29 May 2017

Franca Rame – actress, writer and politician

Artistic collaborator and wife of Dario Fo

Franca Rame in a publicity shot from a brief but unsuccessful movie career
Franca Rame in a publicity shot from a
brief but unsuccessful movie career
The actress and writer Franca Rame, much of whose work was done in collaboration with her husband, the Nobel Prize-winning actor, playwright and satirist Dario Fo, died in Milan on this day in 2013 at the age of 83.

One of Italy's most admired and respected stage performers, her contribution to Dario Fo’s work was such that his 1997 Nobel prize for literature probably should have been a joint award. In the event, on receipt of the award, Fo announced he was sharing it with his wife.

Rame was also a left-wing militant. A member of the Italian Communist Party from 1967, she was elected to the Italian senate in 2006 under the banner of the Italy of Values party, a centre-left anti-corruption grouping led by Antonio di Pietro, the former prosecutor who had led the Mani Pulite (“Clean Hands”) corruption investigation in the 1990s.

Later she was an independent member of the Communist Refoundation Party.  Her political views often heavily influenced her writing, in which her targets tended to be the Italian government and the Roman Catholic Church.  She was also an outspoken champion of women’s rights.

Her politics made her some enemies, however.  In 1973, she was kidnapped at gunpoint on a Milan street by a group of neo-Fascist men who raped and tortured her. When she was released, the group said it was revenge against her and Fo for their political activism.

Franca Rame in 1952, when she began her relationship with Dario Fo after they met through work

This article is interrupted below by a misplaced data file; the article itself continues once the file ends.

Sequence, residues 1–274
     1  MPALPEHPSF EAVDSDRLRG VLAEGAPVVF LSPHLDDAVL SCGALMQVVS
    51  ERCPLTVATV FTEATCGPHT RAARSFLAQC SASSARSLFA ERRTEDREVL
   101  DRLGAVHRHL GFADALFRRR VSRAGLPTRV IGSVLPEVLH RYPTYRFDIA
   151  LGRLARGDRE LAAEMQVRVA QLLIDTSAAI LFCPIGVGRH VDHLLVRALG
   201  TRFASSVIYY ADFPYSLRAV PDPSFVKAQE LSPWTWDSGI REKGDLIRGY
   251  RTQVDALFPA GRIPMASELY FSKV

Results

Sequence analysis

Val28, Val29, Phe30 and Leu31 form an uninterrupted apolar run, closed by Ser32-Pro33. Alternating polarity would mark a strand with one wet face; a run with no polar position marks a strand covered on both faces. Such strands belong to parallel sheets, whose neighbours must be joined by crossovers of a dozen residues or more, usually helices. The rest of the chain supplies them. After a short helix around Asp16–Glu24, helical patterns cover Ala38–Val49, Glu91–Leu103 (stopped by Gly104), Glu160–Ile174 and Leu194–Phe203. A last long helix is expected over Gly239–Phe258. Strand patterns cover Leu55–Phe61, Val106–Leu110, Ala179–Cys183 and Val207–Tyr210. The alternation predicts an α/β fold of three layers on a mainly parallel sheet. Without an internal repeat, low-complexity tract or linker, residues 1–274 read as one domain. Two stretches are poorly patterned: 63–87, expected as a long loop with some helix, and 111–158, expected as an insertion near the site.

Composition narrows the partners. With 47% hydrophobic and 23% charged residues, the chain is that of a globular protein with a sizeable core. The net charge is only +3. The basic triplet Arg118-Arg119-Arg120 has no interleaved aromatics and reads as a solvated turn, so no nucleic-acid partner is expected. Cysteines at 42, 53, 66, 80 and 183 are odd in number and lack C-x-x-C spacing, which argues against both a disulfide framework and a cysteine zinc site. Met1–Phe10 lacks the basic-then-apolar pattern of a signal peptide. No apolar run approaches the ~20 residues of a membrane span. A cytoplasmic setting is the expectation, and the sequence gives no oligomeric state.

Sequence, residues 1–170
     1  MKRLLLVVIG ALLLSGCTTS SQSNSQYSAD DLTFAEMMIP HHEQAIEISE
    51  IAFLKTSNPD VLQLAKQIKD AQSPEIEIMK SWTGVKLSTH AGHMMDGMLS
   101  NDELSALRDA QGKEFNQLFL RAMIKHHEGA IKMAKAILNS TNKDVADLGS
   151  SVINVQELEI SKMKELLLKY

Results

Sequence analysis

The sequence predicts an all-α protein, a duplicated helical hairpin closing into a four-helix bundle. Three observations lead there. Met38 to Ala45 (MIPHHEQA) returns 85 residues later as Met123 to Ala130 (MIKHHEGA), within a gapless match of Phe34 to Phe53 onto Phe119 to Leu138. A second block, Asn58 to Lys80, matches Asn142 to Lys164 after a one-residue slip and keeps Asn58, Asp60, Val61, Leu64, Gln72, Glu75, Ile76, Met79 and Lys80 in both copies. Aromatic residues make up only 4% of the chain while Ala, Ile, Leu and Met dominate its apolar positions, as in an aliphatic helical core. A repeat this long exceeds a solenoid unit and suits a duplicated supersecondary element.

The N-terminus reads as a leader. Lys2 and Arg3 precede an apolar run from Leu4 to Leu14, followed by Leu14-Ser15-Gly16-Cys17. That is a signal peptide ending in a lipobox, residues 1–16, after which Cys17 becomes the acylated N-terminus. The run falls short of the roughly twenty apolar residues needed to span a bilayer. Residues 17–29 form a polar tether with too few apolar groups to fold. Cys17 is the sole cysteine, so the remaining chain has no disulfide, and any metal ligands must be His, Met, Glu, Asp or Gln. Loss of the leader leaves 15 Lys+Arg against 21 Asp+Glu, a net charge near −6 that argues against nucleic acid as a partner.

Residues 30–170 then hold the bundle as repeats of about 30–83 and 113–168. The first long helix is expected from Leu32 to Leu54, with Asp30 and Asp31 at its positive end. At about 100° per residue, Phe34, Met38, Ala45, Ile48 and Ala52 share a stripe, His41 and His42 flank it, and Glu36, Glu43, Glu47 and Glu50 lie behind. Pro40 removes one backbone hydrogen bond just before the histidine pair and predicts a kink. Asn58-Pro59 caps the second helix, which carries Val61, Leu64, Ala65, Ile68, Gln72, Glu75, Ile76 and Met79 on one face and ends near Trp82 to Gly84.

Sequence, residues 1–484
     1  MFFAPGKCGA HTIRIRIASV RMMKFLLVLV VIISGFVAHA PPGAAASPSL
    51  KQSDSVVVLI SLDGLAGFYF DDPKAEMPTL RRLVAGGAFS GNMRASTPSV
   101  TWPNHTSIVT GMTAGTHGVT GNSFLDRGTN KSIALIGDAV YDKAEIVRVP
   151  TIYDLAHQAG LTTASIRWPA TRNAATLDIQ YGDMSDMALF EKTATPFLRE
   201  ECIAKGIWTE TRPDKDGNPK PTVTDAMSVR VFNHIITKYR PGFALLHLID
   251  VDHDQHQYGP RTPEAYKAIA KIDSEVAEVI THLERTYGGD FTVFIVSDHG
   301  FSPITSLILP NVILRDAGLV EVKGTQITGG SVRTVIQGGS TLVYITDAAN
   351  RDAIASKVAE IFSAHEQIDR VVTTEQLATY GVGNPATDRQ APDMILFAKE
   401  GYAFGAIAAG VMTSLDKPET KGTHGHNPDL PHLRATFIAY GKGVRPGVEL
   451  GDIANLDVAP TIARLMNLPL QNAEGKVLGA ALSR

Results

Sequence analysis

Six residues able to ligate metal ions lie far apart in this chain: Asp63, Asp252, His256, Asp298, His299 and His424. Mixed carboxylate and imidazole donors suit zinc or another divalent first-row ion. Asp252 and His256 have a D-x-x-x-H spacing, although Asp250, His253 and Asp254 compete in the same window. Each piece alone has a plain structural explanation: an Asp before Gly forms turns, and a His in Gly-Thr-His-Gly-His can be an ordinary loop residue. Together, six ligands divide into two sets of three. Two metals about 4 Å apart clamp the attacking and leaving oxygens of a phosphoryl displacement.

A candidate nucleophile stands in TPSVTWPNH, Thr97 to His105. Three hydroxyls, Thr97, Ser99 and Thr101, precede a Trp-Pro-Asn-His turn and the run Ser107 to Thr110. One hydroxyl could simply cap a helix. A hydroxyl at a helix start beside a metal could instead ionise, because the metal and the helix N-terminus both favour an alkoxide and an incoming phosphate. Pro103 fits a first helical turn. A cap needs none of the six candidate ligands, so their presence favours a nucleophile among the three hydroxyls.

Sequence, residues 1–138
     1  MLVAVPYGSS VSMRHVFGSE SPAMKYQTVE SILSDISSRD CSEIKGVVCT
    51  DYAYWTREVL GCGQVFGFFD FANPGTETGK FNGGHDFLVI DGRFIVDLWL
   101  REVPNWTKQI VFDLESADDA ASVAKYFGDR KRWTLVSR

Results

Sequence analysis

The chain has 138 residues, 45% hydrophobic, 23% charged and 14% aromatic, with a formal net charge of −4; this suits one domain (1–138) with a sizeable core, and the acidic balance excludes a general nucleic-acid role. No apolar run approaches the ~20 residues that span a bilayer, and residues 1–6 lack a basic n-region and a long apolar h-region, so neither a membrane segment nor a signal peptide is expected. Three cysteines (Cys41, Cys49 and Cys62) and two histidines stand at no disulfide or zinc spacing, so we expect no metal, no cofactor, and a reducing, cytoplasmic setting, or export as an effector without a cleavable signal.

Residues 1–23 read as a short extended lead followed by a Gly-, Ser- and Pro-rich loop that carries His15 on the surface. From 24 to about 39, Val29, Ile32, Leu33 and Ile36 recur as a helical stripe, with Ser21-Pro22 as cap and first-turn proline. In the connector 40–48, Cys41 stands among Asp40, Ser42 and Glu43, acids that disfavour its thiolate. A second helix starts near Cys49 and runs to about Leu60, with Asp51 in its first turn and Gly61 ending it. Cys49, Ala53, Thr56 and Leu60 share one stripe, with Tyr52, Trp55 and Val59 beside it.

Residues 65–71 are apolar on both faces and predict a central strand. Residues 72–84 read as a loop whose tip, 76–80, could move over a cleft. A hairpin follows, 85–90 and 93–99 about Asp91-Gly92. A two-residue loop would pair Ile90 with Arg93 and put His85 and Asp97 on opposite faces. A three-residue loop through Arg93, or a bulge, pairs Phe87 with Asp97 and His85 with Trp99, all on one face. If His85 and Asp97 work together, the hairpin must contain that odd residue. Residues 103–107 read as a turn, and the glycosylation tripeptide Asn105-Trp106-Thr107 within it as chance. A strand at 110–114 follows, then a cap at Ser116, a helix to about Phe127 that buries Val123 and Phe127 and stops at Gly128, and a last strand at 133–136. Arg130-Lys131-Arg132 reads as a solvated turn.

Franca Rame in 1952, when she began her relationship
with Dario Fo after they met through work
Born in Parabiago, a town of almost 30,000 people in the north-western quarter of the Milan metropolitan area, Rame was the daughter of an actor and a militant socialist father and a strict Catholic mother. She was almost born on the stage, appearing in a performance with her mother when she was only eight days old.

At the age of 18, and with the photogenic looks of a 1950s blonde bombshell, she began a theatre career in Milan. She met Dario Fo when they were members of the same company. Fo was smitten from an early stage and to his surprise and delight the attraction was mutual. They married in 1954 and their son Jacopo, now himself a writer, was born in 1955.

Rame had a brief but only modestly successful movie career before switching her focus to the theatre. As a professional partnership, she and Fo's first hit, Gli Arcangeli non Giacano a Flipper – Archangels Don’t Play Pinball – played at the Odeon theatre in Milan in 1959, where they were subsequently invited to write and perform a new play every year. 

Subsequent successes included Isabella, Tre Caravelle e un Cacciaballe – Isabella, Three Sailing Ships and a Con Man – set in Spain in the early years of the inquisition, in which Rame played Queen Isabella.